of Kursk. He was given command of the 20th Tank Brigade, which at the
time was part of the Soviet Guards 8th Mechanized Corps. His brigade
was tasked with blocking the Germans' northern and southern advances
Kursk by taking up position at an intersection near Oboyan. The
brigade sustained heavy losses from German armor assaults, and
Babadzhanian himself was wounded during the course of the attacks. He
rapidly recovered from his injuries and returned to active duty.
His unit was incorporated into the
1st Ukrainian Front
1st Ukrainian Front and sent once
more to take part in the struggle to evict the Axis out of Ukraine.
Over the course of the winter of 1943-44 Babadzhanian's brigade
participated in the liberation of the towns and villages of Vinnytsia,
Zhmerynka, and Ternopil. The tanks under Babadzhanian's command
distinguished themselves in particular in the battle of Koziatyn,
which resulted in the annihilation of the German 70th Motorized Rifle
Division and its two regiments.
In March 1944, Babadzhanian led his brigade across the
Dniester in a
drive to retake the town of Stanislav. After eleven days of heavy
fighting his forces took and occupied the right bank of the river. For
its efforts, the commanders of the 8th Mechanized Corps on April 2
conferred upon Babadzhanian the title of Hero of the Soviet Union.
From the summer of 1944 until 1945, his forces fought as part of the
1st and 2nd Belorussian Fronts. On August 25, 1944, Babadzhanian, then
a lieutenant colonel, was made commander of the 11th Guards Tank
Corps, part of the 1st Guards Tank Army.
In January 1945, as part of the Vistula–
Oder Offensive, his armor
provided heavy fire support for the units advancing into Poland, where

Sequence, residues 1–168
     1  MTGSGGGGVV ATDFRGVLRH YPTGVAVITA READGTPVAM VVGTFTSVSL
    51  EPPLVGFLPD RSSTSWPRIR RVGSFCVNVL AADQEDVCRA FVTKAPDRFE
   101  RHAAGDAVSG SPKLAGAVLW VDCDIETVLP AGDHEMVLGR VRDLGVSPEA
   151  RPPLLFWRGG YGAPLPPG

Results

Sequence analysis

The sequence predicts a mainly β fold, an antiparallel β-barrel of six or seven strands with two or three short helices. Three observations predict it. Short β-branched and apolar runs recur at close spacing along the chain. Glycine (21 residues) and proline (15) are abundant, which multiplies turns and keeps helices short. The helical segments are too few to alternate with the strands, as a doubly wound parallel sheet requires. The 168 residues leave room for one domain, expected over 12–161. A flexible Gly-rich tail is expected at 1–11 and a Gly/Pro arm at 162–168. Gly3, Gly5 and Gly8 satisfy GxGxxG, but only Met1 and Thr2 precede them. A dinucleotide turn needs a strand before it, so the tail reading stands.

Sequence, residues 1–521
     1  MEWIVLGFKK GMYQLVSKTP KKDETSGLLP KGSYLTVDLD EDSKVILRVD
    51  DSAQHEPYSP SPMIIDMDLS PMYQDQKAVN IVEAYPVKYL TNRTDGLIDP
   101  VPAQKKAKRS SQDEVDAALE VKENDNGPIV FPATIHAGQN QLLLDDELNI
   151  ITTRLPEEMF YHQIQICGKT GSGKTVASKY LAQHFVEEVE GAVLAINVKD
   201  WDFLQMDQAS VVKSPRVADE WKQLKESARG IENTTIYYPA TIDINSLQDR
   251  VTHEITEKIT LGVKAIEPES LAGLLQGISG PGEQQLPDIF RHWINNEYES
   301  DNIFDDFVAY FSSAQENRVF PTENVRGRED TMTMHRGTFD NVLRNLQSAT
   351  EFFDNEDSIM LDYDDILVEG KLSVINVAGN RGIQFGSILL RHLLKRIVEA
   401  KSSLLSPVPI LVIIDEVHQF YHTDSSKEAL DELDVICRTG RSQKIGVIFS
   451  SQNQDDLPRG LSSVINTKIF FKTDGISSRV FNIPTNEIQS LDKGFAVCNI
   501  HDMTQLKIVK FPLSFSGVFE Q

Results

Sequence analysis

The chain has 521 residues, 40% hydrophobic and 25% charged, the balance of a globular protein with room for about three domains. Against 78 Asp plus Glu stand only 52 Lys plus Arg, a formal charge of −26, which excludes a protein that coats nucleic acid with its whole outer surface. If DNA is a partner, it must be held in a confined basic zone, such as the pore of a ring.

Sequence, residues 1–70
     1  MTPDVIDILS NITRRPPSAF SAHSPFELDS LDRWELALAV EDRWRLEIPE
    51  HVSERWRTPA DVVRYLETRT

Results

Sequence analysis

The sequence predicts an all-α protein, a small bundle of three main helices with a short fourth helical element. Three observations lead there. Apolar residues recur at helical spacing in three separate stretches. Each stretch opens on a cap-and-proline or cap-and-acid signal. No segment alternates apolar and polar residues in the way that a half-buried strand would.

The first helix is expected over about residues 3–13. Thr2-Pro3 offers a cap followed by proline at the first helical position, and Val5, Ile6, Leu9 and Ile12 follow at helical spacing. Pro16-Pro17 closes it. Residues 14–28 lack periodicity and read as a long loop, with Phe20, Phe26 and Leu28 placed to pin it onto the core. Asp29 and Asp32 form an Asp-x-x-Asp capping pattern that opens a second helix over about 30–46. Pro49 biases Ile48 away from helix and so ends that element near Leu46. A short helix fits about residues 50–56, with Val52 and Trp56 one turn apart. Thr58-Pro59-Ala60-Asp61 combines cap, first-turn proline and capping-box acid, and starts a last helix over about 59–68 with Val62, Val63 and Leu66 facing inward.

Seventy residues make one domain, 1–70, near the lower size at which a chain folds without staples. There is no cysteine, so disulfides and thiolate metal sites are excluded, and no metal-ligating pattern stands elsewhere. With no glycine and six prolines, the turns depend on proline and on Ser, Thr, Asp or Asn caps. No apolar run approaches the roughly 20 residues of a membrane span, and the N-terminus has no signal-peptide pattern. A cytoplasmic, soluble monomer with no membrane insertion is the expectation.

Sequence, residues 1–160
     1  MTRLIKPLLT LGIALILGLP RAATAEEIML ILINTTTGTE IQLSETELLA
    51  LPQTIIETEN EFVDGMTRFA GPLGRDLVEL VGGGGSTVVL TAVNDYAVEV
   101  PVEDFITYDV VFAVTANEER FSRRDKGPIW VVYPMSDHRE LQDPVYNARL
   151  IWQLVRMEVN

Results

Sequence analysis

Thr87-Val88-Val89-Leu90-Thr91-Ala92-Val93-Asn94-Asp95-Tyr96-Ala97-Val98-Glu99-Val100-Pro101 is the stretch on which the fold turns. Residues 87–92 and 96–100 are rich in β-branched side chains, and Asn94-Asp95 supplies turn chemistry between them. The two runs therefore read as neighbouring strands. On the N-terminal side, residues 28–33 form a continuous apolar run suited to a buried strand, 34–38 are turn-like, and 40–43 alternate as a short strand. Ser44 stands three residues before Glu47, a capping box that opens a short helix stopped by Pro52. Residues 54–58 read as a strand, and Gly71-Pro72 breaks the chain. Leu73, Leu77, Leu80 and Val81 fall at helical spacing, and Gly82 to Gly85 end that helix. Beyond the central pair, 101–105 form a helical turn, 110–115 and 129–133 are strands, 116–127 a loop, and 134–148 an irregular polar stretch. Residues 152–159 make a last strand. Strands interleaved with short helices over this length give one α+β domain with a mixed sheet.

they reduced the fortresses guarding the inner approaches into the
country, and helped them in the capture of the cities of Łódź,
Kutno, and Poznań. By the end of the month, Babadzhanian's corps had
reached the borders of Germany and begun military operations to take
Landsberg, Tczew, Wejherowo, and a host of other towns in
Pomerania. As part of the 1st Belorussian Front, on February 2,
the 11th Tank Corps crossed the
Oder and, with artillery and air
support, and took part in the capture of Frankfurt an der Oder. His
forces arrived in time to take part in the battle for Berlin, fighting
in heavy street battles, alongside units of the 1st Ukrainian Front,
and participating in the seizure of the Reichstag.
On July 11, 1945, Babadzhanian was promoted to major general in the
Soviet tank forces. He graduated from the Military Academy of the
General Staff in 1948, and was appointed with responsible command
positions. Babadzhanian served as the 1st Deputy Commander of the
Carpathian Military District from 1950 to 1951.
In November 1956, Babadzhanian led the 8th Mechanized Army to
Budapest, during the Soviet intervention that led to the crushing of
the Hungarian Revolution of 1956. From 1959, he was commander-in-chief
of the forces in the
Odessa Military District. From 1967 to 1969,
he was the head of the Rodion Malinovsky Military Academy of Armored
Forces and from May 1969, chief of the tank forces. Babadzhanian was a
Deputy of the
Soviet of Nationalities
Soviet of Nationalities during its sixth and seventh
convocations, representing the Moldavian SSR. From 1969 to 1977, he
was head of armored forces of the Soviet Army. Babadzhanian became
Chief Marshal of the Tank and Armored Troops on April 29, 1975 (one of
only two men to attain this rank) and held the position until his
He died in
Moscow on November 1, 1977 and was buried with full honors
at the Novodevichy Cemetery.